So time gets in the way, because we don’t often take the time, not only with other people, but often just with ourselves to recognize that we have a lot of emotional labor going on. And we need to recognize that emotional labor is work. And it’s not the extra stuff that’s leftover at the end of the day. It is actually in many roles, especially as you continue to build your leadership career, it’s most of your day.

Another thing that gets in the way is that our personal hot buttons get triggered. I have a colleague that causes the conspiracy theory, I think of this and wrote about it in my book Red Cape Rescue, as our need to assume positive intent. That’s the skill, right? The skill is to assume positive intent. But the conspiracy theory is the behavior that happens. And here’s how that works.

Somebody sends you an email.

And whether it’s the tone, the language, the time that it comes, the who it’s from.

You fill in the gaps, you have a whole story about it, my friend talks about starting a new relationship, and getting a text and from that person, and, you know, texting back and forth, and then that, that that fade away, not hearing anything. And the conspiracy theory kicks in, do not tell me this hasn’t happened to you, especially with our digital media, email, test, Slack, everything.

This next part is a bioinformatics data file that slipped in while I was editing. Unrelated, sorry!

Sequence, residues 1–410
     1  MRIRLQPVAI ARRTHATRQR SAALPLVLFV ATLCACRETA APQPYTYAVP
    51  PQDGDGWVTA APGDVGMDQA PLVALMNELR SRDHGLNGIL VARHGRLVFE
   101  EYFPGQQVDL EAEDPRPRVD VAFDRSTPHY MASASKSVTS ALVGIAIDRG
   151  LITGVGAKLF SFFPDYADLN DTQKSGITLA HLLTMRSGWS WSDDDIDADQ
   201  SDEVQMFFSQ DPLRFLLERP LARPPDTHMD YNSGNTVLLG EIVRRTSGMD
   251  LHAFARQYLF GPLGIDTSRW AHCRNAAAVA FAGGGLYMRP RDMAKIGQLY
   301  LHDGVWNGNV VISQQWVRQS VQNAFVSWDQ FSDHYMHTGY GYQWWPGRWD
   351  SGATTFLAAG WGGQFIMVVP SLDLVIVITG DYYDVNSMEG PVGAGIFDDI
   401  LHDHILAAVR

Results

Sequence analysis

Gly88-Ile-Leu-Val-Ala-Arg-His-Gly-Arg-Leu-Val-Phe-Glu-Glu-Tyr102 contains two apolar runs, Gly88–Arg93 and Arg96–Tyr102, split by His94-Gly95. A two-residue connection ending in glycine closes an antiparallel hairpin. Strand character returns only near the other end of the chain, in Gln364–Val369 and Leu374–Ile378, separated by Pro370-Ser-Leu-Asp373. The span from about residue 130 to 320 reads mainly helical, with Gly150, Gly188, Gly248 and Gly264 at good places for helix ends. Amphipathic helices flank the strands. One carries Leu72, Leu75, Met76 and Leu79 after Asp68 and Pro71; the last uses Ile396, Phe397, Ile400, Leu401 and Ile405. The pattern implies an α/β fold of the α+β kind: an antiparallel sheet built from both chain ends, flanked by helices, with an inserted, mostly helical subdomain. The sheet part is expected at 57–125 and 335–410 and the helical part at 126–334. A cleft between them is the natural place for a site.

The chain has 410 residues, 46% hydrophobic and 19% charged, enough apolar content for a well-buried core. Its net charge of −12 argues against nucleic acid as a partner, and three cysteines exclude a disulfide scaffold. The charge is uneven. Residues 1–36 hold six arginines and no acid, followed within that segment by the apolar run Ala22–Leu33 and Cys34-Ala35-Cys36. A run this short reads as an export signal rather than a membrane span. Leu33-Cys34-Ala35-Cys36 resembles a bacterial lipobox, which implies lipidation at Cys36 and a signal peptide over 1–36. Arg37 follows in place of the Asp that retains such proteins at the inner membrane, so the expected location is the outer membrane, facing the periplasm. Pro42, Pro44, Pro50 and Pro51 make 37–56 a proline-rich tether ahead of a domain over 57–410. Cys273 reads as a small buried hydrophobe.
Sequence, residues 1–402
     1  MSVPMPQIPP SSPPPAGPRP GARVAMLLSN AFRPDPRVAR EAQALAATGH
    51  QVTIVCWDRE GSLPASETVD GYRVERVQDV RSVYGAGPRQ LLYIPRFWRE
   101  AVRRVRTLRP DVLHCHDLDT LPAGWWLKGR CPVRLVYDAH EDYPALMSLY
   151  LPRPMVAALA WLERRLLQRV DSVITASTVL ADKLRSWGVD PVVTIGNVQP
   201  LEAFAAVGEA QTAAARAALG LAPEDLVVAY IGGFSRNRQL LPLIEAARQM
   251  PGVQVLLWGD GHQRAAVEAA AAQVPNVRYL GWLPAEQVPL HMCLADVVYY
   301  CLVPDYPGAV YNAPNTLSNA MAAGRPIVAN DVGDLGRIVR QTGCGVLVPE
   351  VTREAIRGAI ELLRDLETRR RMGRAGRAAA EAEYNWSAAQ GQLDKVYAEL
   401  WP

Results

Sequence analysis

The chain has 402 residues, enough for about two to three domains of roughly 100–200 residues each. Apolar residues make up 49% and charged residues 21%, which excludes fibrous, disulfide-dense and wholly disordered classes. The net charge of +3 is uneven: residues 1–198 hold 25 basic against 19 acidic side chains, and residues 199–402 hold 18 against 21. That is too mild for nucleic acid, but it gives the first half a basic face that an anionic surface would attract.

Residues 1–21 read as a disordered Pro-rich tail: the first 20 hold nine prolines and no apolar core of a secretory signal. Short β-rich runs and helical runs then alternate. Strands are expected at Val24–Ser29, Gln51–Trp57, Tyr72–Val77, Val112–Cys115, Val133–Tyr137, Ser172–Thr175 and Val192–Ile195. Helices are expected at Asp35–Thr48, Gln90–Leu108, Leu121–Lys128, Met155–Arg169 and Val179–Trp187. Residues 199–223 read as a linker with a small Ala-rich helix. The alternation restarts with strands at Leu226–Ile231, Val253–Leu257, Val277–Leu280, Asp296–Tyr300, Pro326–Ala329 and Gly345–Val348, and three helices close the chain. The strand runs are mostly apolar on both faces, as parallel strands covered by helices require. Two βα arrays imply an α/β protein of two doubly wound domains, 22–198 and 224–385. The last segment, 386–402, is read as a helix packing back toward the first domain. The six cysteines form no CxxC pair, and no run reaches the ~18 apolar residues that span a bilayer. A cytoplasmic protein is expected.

We set up these expectations about what other people should do without any factual context of what might be going on with them. So we read doubt means don’t we read that he hasn’t responded to my text to he must hate me and never want to talk to me again.

It sounds so silly when we put it on the table. But this is how our brains trick us right? How our brains make up these conspiracy theories?

And it’s how the emotional labor of being able to connect to ourselves and say, Wait a minute, what else could this mean? That’s what I call assume positive intent. It assumes positive intent, that that person’s intention wasn’t to make you look bad, wasn’t intended to counteract the decisions that you’d made, or any number of motivations. It’s like, How can I assume positive intent, and often assuming positive intent means seeking more information, as Stephen Covey used to say, Seek first to understand, but when we’re not recognizing the emotional labor, that our projects, our leadership takes, we can easily jump to conclusions. He said this, because he wants that. She doesn’t like me. So she did that. Can even the absence of communication, we read things into what are the facts? What are the true circumstances, we can assume positive intent, but our personal hot buttons do get triggered.